Suddenly I’m not on this path, but on the trails in the woods in Arkansas where I was living on 40 acres surrounded by the national forest, with a community of 20-30 friends, acquaintances, strangers, since we also had no clue sometimes who was coming down that road to live with us. It all felt like a normal way for people to be living. Couldn’t get no judgment from me, although the commissioner at one point, musing and impressed, compassionate with what he sees, asks no in particular, I’m next to him, “what can we do to bring them back into society?” I was surprised at his naiveté, saying back that “some of them can’t and some don’t want that,” which he acknowledged with, “yeah, I guess you’re right.”
There’s a shift again, and I imagine the Native American’s in these woods, I imagine some are still hiding in the brush, behind large 150 year old live oaks watching the new interlopers with their tents and cars coming up the road to be fixed or to drop off one of the new ones living there. I image up what they would be wearing, feathers in the hair, leather loin cloths, sandals, bows and arrows ready to shoot us if they are seen.
I’m back to present hearing how these men and a few women manage the sites if problems come up, running off thieving crack addicts that took too much too often from the camps. We’re told they come sneaking back in though, staying in places out of sight, away from the main road, doing their bad when the time is right. The now four residents walking with us point out who lives where, showing us how one camp is kept neat, while beer cans, cardboard beer carriers, discarded plastic shopping bags, clothes laying around, cigarette and other food wrappers strewn about another. The tell us how they deal with heavy winds, rain storms, the cold winter nights now passed as the spring brings colors, smells, less clothes, easier time for a while. We see large rain tarps secured up in the trees some covering two tents below. The two main interpreters of the camps are proud of what they have here, how order is maintained as best as possible with no formal rules, no hierarchy, except maybe, by longevity of time spent, maybe size, strength of a man, wisdom if another will listen.
As we’re completing the 45 minute circular walk, coming out where the van is parked the commissioner wonders out loud about the others on the commission coming out, but lets that go into the wind, but would like to have a dumpster brought out and set aside for their trash, ideally, a mobile medical unit to make visits, some one suggests a port-a-potty to him. He isn’t sure what can be done to help, but he’ll never forget what he’s seen.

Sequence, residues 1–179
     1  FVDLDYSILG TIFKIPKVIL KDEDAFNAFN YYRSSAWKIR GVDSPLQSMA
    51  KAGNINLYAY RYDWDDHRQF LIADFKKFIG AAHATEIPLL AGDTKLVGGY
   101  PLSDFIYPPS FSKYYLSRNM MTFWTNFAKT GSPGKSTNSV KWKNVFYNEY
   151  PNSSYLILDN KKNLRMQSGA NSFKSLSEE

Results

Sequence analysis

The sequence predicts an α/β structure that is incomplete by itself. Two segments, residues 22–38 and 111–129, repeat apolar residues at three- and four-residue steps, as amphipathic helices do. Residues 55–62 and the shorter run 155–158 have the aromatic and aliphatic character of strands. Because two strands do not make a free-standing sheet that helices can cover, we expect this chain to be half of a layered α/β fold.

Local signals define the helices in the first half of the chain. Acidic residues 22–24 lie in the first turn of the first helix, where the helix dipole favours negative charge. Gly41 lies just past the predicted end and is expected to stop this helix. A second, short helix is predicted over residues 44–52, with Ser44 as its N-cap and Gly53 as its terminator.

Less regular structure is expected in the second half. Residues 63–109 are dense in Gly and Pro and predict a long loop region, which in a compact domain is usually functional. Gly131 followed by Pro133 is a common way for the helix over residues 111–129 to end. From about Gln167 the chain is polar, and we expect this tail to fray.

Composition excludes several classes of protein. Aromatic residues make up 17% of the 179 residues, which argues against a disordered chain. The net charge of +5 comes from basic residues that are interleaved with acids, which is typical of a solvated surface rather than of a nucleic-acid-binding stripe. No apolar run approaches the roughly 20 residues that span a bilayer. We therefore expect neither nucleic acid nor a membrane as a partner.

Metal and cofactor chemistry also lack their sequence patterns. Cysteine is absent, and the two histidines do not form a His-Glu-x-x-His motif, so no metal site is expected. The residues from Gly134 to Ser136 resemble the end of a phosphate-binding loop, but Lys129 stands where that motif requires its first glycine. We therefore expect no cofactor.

It was about a two hour walk, slow and tedious finding all the camps; a few camps, neither the cops nor Tom and I knew about but we were led to them by others. Some of the campers looked at me with this “what should I do now?” expression, but we had little to suggest, except the place across the street, back on city property, where apparently the owner there had given permission for some one, one person to camp there. No one was sure how he’d feel about 20.
The good cop was considerate when telling the people at each site when they had to leave, but, he included, “if you’re showing signs you’re moving, but don’t have everything gone, I’ll give you another day or so.”
I was surprised, but I guess because they had no options, except jail- all the sites were empty during the next three days. I’m not sure how they did it, carrying all their stuff out, maybe an ally with a truck helped drive it out. Some went across the street, others to places they didn’t want to tell us about fearing with the HomeVan coming in their site would make it more known.
No one told us it was going to happen. The police promised they would let us know, if, more likely, when, they were going to take action about all the people living in Sweetwater Camp. It wasn’t an attack, maybe an assault against the dignity of those there. Police cars along with a helicopter visited the camps one afternoon telling the residents they had to be gone in five days. They made two arrests for outstanding warrants, but didn’t hassle one campers with obvious drug paraphernalia.
Homies heard about it later that day when some of the campers came into town spreading the word about their world changing again. Now it was the Sheriff’s department telling them to leave, this apparently based on a complaint from the owner when he found out about his property was turning into a campground for homeless.
Attorney Tom, made an appeal to the Sheriff’s department for a few more days and surprisingly two weeks was granted. The police wanted to go out sooner to let them know what was the deal. Tom was asked to go and he asked me to go along too. I felt proud being able to help out these guys who don’t have a voice in our society.
When Tom and I arrived at the area we were told by the police who were already waiting for us that the plan had changed. They all had to be out in three days. Tom and I were a bit stunned, personally felt betrayed, but also that we had betrayed the campers who had already received the news that they had two weeks. We sort of weakly bantered back and forth with a good cop bad cop team, but eventually accepted we would accompany them through the woods as they passed the news.